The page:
African milk barrel (Euphorbia horrida)

Image - Flickr / laurent houmeau

La horrid euphorbia It is one of the easiest succulent plants to find in nurseries, both physically and online. Although it is very sensitive to overwatering, it is a succulent suitable for beginners and for those who do not have much time to dedicate to their pots.

Its size also makes it a kind of the most interesting for rockeries, since new shoots usually sprout from its main stem, causing it to form a very beautiful group over time.

What is the origin and characteristics of the horrid euphorbia?

The Euphorbia horrida is a succulent

Image - Wikimedia / Stan Shebs

Known as the African milk barrel, it is an endemic species of the Cape Province, in South Africa. It looks a lot like cacti, which is why it is said to be a cactus plant. It reaches a height of up to 30 centimeters, with thick stems of up to 5-6 centimeters, armed with sharp, brownish spines.. During the summer it produces small flowers on the upper part of the stem, and they are green and yellow.

Like all euphoria, it contains a white latex that, when in contact with the skin, causes itching and stinging. For this reason, when handling it, the use of gloves is recommended, if possible waterproof ones.

What are their cares?

If you dare to have your own copy of horrid euphorbia, we recommend that you provide the following care:


It is a non-cactus succulent that needs a lot of light, even direct sun. But it is very important that, before exposing it to the star king, you get used to it little by little and gradually. This will prevent it from burning.

In the event that you want to keep it indoors, find a room where there are windows through which a lot of natural light enters, and put it near them (but not right in front of them). Rotate the pot about 180º daily so that all parts of the euphorbia receive the same amount of light.


View of the Euphorbia horrida in detail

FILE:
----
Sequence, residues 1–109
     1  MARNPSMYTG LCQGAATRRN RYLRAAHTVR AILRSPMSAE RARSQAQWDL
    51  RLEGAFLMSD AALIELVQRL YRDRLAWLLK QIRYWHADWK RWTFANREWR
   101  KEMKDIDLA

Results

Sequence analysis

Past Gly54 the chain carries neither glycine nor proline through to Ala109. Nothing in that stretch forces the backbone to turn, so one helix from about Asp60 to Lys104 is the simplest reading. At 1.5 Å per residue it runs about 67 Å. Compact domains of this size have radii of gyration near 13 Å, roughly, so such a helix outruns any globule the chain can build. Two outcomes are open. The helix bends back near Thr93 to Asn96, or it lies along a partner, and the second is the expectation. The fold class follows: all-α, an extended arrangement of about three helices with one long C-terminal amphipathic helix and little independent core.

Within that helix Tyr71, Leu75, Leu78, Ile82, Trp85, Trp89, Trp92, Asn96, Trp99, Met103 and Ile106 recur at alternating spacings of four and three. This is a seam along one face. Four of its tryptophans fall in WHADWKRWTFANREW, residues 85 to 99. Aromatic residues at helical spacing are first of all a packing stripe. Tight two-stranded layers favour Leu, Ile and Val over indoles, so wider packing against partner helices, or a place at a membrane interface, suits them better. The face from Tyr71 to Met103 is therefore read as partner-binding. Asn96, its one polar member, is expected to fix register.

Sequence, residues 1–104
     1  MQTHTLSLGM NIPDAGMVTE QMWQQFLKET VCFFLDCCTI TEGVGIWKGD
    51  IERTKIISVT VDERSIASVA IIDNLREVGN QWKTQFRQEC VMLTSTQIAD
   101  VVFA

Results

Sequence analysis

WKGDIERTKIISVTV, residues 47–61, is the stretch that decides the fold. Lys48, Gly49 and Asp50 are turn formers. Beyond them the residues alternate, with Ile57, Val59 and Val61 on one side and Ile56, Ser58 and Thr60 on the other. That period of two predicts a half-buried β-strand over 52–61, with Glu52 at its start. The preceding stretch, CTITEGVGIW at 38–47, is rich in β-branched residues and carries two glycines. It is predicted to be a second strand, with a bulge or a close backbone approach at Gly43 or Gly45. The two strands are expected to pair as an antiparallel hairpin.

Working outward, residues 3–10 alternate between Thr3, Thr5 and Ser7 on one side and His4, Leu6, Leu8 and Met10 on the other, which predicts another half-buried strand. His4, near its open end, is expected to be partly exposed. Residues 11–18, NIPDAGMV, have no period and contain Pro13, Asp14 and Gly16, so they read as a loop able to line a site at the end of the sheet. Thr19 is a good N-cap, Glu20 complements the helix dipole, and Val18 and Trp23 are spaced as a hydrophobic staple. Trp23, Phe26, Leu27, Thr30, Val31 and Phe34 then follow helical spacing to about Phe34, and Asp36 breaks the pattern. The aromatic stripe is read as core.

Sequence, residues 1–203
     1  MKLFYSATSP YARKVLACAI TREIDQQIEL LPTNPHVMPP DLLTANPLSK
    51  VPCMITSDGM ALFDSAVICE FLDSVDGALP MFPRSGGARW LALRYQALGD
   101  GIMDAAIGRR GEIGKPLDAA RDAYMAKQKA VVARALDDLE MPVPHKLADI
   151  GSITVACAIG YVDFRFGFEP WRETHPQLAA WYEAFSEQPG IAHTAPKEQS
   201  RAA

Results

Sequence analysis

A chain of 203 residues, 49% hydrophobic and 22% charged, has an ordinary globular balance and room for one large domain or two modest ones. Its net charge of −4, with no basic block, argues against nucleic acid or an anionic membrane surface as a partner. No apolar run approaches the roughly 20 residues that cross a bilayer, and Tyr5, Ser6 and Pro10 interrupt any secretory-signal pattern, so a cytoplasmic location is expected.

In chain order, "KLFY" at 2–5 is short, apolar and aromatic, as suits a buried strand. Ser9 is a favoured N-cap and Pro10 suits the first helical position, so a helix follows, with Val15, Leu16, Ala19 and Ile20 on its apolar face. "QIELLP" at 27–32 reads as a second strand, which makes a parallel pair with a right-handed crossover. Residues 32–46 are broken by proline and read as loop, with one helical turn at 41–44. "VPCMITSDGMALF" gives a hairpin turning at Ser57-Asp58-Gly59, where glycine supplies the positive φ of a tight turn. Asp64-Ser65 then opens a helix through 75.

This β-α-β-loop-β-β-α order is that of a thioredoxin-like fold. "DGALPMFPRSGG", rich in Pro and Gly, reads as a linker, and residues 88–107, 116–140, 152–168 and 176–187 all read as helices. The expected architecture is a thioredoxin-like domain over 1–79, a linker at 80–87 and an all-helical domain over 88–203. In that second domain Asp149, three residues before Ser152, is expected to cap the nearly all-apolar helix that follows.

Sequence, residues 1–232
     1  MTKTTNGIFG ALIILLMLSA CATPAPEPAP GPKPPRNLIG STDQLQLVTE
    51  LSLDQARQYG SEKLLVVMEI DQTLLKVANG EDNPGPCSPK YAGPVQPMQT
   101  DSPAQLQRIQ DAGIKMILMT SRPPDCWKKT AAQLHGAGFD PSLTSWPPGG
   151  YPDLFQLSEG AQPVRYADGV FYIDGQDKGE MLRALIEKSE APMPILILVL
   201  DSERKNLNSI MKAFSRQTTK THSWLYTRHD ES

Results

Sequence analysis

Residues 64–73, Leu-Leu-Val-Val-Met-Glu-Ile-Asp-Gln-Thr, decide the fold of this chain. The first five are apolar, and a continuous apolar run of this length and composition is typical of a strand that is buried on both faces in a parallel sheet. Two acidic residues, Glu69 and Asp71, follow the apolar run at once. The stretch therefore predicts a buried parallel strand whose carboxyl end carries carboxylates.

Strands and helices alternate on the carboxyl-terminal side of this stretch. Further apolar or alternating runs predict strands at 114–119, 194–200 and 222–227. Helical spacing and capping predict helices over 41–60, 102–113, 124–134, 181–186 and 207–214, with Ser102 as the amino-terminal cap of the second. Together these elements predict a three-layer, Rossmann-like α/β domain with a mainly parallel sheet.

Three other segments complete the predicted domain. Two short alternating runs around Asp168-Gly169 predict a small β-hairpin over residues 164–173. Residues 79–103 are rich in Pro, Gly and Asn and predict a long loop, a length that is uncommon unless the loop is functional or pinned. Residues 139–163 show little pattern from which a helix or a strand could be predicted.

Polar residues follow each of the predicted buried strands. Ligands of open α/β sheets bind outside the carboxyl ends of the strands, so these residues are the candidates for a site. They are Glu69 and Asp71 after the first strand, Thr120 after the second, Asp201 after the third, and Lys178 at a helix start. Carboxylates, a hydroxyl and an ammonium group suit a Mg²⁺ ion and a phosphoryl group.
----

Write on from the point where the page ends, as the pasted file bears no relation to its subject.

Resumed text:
Image - Flickr / laurent houmeau

  • Flower pot: being very sensitive to excess watering and waterlogging, it is highly advisable to simply use pumice (for sale here), or fine gravel (1-3mm thick) mixed with 40% peat.
  • Garden: grows on sandy soils, with excellent drainage. If yours is not, make a large, shallow hole, about 50 x 50cm, plant your Euphorbia horrida in a large pot, and then place it in the hole. Finally, finish filling with fine gravel or clay stone (for sale here).


escaso, but when it is watered, it is necessary to water conscientiously, soaking well all the soil or the substrate, depending on where it is. The frequency of irrigation will depend a lot on the climate and growing conditions, but in general it should be watered about 2 times a week during the summer season, once a week in spring and autumn, and every 15 to 20 days. in winter.

Use rainwater whenever you can; failing that, the one that is suitable for human consumption will do, and even the tap if you let it sit overnight.


From early spring to late summer can be fertilized with a specific fertilizer for cacti and succulents (on sale here) following the instructions specified on the package.


View of the Euphorbia horrida in flower

Image - Wikimedia / CT Johansson

La horrid euphorbia multiplies by seeds (difficult) and by cuttings in spring-summer. How to proceed in each case?


The seeds are sown in pots with equal parts peat mixed with perlite, burying them just a little. Then, it is watered and the seedbed is placed outside, in semi-shade.

Keeping the substrate moist, but not flooded, if all goes well they will germinate in about three weeks.


It is the method that is used the most, because it is easy, fast and effective. For this, what is done is cut a cutting, leave it to dry for 7 to 10 days in a dry place protected from the sun, and finally the base is impregnated with rooting hormones and then plant it (do not nail it) in a pot with peat mixed with perlite in equal parts.

In about two weeks it will root.

Plagues and diseases

It is quite sturdy in general, but if overwatered the parasitic fungi will attack your roots and then your stems. To avoid this, the irrigation must be controlled a lot, and use substrates that drain the water well.

If it feels a bit mushy but is still apparently healthy, remove it from the pot / soil, wrap its roots in absorbent paper for a day, and then plant it again in a pot with new soil.

In the event that it is very, very soft, almost like rotten, cut it clean with a previously disinfected knife, let the wound dry for a week and then plant it in a pot with a cheekbone.


La horrid euphorbia It is, from experience, somewhat colder than others of its kind such as Obese euphorbia. Ideally, it should never drop below 5 degrees, and if it does, the soil must remain completely dry. Anyway, it is very important to know that at -2 degrees it begins to suffer serious damage.

Euphorbia horrida looks great in a garden

Image - Flickr / Pamla J. Eisenberg

I hope it has been useful to you 🙂.

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